Could Your Migraines Actually Be Cluster Headaches?

If you've found yourself incapacitated with the blinding head pain, light sensitivity, nausea, and other symptoms of a migraine more than once or twice in the last month, you may be considering a visit to your physician to see whether there's anything that can be done to minimize the impact these unpleasant symptoms can have on your daily life. While you may have already self-diagnosed yourself with a migraine, in many cases, you may instead be dealing with "cluster headaches" -- a specific (and somewhat unknown) type of headache that causes severe pain behind the eyes and can recur for weeks or months at a time. Read on to learn more about what can cause cluster headaches, as well as some of the signs that can indicate that you're suffering from these headaches rather than migraines. 

What are cluster headaches? 

Cluster headaches are caused by pressure on the hypothalamus, which can trigger sharp headaches behind the eyes and along the nerve that passes through the center of your face. You may experience heat or cold sensations along this nerve during your headache, and can find that the pain is so great you must pace or do other manual work to distract yourself until the pain subsides. Cluster headaches can often go into remission, but may pop up again after just a few months, making them especially frustrating to deal with.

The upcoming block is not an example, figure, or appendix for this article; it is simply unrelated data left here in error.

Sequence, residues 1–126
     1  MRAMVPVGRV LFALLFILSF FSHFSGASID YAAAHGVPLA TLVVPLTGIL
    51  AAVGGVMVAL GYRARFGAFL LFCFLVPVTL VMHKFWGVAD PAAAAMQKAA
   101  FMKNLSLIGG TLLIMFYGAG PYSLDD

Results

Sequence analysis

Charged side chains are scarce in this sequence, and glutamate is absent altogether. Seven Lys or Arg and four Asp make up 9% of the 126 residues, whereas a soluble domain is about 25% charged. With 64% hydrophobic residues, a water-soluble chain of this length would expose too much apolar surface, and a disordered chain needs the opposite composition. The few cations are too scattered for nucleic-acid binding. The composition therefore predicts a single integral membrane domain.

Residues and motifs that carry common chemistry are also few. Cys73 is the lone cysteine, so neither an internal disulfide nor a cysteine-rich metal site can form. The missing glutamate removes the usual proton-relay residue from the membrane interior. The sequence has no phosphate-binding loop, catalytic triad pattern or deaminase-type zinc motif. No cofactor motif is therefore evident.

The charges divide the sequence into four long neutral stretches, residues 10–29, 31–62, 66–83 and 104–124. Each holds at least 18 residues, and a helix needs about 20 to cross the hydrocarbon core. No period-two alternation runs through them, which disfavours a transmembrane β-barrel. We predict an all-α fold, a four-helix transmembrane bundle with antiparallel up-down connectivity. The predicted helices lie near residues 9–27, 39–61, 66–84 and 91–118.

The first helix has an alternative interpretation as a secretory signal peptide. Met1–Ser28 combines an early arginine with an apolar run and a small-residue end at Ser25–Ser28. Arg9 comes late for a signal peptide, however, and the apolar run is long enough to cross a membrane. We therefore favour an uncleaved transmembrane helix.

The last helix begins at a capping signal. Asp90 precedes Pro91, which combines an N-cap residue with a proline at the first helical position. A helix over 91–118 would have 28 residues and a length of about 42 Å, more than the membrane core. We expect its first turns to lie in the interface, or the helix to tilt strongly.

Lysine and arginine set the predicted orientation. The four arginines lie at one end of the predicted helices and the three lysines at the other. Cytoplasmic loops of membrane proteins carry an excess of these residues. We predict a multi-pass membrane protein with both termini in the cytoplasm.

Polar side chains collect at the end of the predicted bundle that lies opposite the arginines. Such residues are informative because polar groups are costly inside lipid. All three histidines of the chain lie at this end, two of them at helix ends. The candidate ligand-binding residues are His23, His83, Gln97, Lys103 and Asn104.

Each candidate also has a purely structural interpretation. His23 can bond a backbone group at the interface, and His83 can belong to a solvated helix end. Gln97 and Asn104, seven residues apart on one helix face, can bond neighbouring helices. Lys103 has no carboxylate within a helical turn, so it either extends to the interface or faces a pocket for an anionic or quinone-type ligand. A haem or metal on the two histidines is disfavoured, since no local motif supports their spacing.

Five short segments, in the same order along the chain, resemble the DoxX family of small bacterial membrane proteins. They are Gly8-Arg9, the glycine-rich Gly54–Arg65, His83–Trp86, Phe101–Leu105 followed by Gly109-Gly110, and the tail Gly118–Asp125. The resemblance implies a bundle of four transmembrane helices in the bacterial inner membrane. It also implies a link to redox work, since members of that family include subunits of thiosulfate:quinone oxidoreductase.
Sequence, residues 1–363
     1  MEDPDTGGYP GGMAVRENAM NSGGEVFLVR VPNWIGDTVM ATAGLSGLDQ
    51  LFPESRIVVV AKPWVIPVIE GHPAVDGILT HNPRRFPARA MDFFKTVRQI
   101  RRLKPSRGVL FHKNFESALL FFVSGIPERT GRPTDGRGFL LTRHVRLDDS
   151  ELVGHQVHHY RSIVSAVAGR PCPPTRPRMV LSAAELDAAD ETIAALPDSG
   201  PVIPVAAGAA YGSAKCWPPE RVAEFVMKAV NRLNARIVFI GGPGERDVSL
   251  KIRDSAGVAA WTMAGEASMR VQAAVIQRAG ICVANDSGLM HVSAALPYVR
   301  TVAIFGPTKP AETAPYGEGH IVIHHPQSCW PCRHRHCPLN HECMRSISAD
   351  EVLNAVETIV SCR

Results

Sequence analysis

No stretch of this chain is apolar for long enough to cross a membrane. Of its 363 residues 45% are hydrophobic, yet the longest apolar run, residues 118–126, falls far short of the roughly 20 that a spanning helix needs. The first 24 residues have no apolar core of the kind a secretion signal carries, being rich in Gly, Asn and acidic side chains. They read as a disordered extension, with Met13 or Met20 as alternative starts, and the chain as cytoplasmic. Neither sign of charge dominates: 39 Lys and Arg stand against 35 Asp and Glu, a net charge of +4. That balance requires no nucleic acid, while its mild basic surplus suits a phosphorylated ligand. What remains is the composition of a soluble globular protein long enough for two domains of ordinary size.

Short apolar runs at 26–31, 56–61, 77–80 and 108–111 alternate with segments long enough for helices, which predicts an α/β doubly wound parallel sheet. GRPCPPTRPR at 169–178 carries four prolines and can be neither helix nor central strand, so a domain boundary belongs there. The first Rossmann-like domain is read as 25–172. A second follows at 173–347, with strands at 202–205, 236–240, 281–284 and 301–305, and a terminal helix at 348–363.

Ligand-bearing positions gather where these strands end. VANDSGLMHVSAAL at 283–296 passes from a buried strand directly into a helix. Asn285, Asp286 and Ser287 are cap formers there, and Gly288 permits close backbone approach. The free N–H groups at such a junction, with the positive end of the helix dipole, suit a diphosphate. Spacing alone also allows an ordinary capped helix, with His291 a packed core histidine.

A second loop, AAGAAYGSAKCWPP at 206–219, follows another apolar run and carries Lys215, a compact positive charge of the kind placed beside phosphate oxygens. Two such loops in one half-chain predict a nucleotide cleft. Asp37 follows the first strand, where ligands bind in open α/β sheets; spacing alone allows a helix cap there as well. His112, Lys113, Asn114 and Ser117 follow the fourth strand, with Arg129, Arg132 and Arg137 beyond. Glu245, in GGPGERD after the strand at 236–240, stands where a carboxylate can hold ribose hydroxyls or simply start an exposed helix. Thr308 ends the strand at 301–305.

How can you tell whether you have cluster headaches or migraines?

While these painful conditions have a number of similarities, they're also different enough that it can be fairly easy to distinguish between them. Cluster headaches come on suddenly and can go away just as quickly, while migraines tend to build over a period of hours and can linger for days. Cluster headaches are also more likely to follow a pattern that persists despite changes in lifestyle or stress, while migraines can often be brought on (or avoided) by changes in diet, exercise habits, or other lifestyle factors. Finally, cluster headaches are less likely than migraines to result in nausea or vomiting, although some with cluster headaches have been known to vomit from the pain.

What are your treatment options? 

Treatment for cluster headaches can include medication, nerve blocks, and even surgery to reduce pressure on the trigeminal nerve. Because these headaches can severely impact your quality of life, you'll want to visit a physician, like one from Billings Clinic, as soon as you can so that you'll be able to get started on a treatment regimen quickly.